Abstract

Combining drugs that inhibit different antiapoptotic pathways will be useful in overcoming drug resistance in multiple myeloma (MM). Since histone deacetylase inhibitors (HDACi) affect multiple pathways of cancer progression by relaxing chromatin; their ability to reverse apoptosis resistance in MM in combination with a DNA damaging agent (doxorubicin) was investigated. Sodium butyrate (SB) (0.15 mM, 0.3 mM and 0.6 mM) and vorinostat (0.3 uM and 0.6 μM) were used as HDACi and doxorubicin (10 nM, 20 nM and 40 nM) was used as a DNA damaging agent. Percent survival of fresh MM cells was assessed with flow cytometry and viability of MM cell lines (NCI H929, RPMI 8226 and U266) was measured with alamar blue. Molecular mechanisms of synergy between HDACi and doxorubicin were characterized in MM cell lines using TUNEL assay for apoptosis, immunofluorescence microscopy for apoptosis-inducing factor (AIF) release and Bax conformational change. Cathepsin B (Cat B) and calpain activity were measured using kits from Biovision Inc. Gene expression array studies were carried out using Human V6 Illumina chip. Treatment of mononuclear cells containing stromal and plasma cells (CD138+) from bone marrow aspirates of 22 patients with SB (0.6 mM), doxorubicin (40 nM) or with their combinations for 72 hr markedly decreased the percentage survival of CD138+ cells. One way repeated measures of ANOVA showed a significant (P<0.0001) reduction in percentage of CD138+ survival by combination treatment with mean survival 47.9+6.6% vs. 73.6+5.3% (SB) or 83.8+4.3% (doxorubicin) as single agents. Similarly, vorinostat, a clinically relevant HDACi in combination with doxorubicin also markedly reduced the percentage survival of fresh MM cells further suggesting the clinical relevance of the drug combinations evaluated. Although combinations of SB and doxorubicin synergistically (with a combination index of <1 in Chou and Talalay analysis) reduced the viability of all MM cell lines, combination treatment induced marked apoptosis only in 3 out of 5 MM cell lines tested (Figure 1). Studies undertaken to understand the molecular basis of differential apoptosis sensitivity revealed that SB plus doxorubicin induced apoptosis in a caspase independent manner and differential release of AIF and Endonuclease G from mitochondria correlated with differential sensitivity. Among various proapoptotic factors analyzed, activation and mitochondrial translocation of Bax was found to be associated with AIF release in co-localization studies (Figure 2). SB plus doxorubicin induced Bax activation in a caspase independent manner by synergistically increasing the activity of Cat B. Thioredoxin an inhibitor of Cathepsin is overexpressed in tumor cells including MM. Studies have shown that Thioredoxin and its inhibitory protein thioredoxin interacting protein (TXIN) were induced by doxorubicin and HDACi respectively. Consistent with this, in gene expression array studies, relative to NCI H929 and U266 cells, mRNA levels of TXIN were 2X higher in apoptosis sensitive RPMI 8226 cells and were further increased another 3X by vorinostat. In apoptosis resistant NCI H929 and U266 cells vorinostat failed to upregulate TXIN. These results support a model for HDACi plus doxorubicin induced caspase independent apoptosis in MM by an increase in expression of Cathepsin and TXIN with a concurrent decrease in thioredoxin. Under this condition the activity calpain, a lysosomal enzyme that is also capable of activating Bax remained unchanged. More importantly, in apoptosis resistant cell lines (NCI H929 and U266) HDACi plus doxorubicin combination failed to increase Cat B activity, conformational change of Bax and mitochondrial release of AIF. A block in the pathway defined here may lead to development of resistance in MM to HDAC inhibitors or doxorubicin.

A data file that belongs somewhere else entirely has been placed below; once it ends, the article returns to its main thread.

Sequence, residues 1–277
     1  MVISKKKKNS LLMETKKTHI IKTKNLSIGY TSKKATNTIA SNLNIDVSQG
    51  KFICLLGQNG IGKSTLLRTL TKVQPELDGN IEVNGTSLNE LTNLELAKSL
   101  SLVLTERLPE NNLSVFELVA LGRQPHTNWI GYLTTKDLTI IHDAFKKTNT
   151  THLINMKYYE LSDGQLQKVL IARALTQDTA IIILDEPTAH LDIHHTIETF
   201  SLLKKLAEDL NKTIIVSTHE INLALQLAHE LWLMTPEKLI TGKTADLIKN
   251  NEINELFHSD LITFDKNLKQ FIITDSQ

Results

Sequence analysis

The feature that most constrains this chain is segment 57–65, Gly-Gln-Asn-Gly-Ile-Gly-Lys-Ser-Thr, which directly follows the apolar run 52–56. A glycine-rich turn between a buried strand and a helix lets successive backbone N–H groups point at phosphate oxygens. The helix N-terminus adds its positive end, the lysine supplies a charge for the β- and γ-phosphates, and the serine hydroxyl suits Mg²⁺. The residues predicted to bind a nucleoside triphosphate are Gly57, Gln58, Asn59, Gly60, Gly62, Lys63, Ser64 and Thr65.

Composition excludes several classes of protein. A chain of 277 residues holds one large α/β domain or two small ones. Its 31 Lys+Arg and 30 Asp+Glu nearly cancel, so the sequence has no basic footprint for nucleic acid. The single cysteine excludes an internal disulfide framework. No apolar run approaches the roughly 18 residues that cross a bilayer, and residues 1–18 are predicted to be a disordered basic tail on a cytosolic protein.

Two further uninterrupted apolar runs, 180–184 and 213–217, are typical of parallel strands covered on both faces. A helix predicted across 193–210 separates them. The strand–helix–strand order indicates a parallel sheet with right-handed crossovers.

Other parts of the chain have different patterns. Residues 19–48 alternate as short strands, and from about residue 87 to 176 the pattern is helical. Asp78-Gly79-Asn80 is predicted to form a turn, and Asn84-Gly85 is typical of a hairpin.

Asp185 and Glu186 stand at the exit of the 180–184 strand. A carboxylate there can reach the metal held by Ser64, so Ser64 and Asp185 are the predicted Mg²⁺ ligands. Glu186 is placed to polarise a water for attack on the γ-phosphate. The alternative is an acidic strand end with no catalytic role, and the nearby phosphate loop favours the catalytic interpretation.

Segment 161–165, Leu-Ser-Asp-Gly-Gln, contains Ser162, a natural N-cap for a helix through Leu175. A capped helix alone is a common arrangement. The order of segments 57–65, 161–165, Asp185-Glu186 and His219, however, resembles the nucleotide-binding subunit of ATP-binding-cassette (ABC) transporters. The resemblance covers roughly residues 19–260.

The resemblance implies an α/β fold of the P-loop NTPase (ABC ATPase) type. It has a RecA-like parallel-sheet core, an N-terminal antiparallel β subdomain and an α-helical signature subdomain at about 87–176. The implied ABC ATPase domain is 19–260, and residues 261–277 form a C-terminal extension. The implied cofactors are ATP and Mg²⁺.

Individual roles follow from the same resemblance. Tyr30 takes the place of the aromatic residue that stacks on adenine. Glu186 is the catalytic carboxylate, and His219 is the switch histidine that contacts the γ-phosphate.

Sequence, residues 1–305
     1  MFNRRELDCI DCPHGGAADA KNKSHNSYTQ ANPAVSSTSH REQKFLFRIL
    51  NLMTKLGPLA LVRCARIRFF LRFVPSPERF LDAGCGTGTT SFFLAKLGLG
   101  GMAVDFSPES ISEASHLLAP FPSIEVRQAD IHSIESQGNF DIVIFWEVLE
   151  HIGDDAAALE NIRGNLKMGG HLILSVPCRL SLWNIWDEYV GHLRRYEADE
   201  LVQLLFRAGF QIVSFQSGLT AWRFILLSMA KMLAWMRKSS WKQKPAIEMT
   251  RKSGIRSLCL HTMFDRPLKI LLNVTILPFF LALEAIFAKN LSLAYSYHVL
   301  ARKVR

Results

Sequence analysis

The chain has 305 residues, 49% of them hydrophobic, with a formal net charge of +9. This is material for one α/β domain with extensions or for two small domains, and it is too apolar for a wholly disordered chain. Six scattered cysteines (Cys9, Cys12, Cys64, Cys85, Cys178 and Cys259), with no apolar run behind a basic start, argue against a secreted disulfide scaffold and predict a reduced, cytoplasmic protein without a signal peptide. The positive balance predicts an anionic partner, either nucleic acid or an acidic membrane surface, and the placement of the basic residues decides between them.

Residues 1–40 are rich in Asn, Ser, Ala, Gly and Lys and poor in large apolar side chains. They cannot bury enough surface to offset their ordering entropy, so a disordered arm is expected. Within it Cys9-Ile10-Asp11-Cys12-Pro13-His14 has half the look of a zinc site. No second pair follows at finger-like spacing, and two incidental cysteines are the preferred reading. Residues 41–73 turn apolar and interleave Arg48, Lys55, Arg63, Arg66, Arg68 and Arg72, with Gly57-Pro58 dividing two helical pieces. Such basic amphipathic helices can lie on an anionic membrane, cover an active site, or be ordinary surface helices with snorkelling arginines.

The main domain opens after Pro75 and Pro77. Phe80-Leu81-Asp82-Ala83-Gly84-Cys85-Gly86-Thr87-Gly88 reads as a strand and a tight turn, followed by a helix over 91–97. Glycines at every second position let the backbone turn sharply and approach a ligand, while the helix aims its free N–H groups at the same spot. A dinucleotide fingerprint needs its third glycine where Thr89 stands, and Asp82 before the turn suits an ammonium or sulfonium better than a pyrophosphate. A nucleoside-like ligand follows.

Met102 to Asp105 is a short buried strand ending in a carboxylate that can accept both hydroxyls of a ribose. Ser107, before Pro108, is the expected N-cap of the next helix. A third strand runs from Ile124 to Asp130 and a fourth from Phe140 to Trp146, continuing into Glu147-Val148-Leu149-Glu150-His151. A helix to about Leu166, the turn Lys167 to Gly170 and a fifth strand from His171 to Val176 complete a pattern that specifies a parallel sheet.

Figure 1:

Differential sensitivity of MM cells to HDACi-doxorubicin combination

Figure 1:

Differential sensitivity of MM cells to HDACi-doxorubicin combination

Figure 2:

Differential activation of Bax and AIF release by HDACi-doxorubicin in MM cells

Figure 2:

Differential activation of Bax and AIF release by HDACi-doxorubicin in MM cells

Disclosures: No relevant conflicts of interest to declare.

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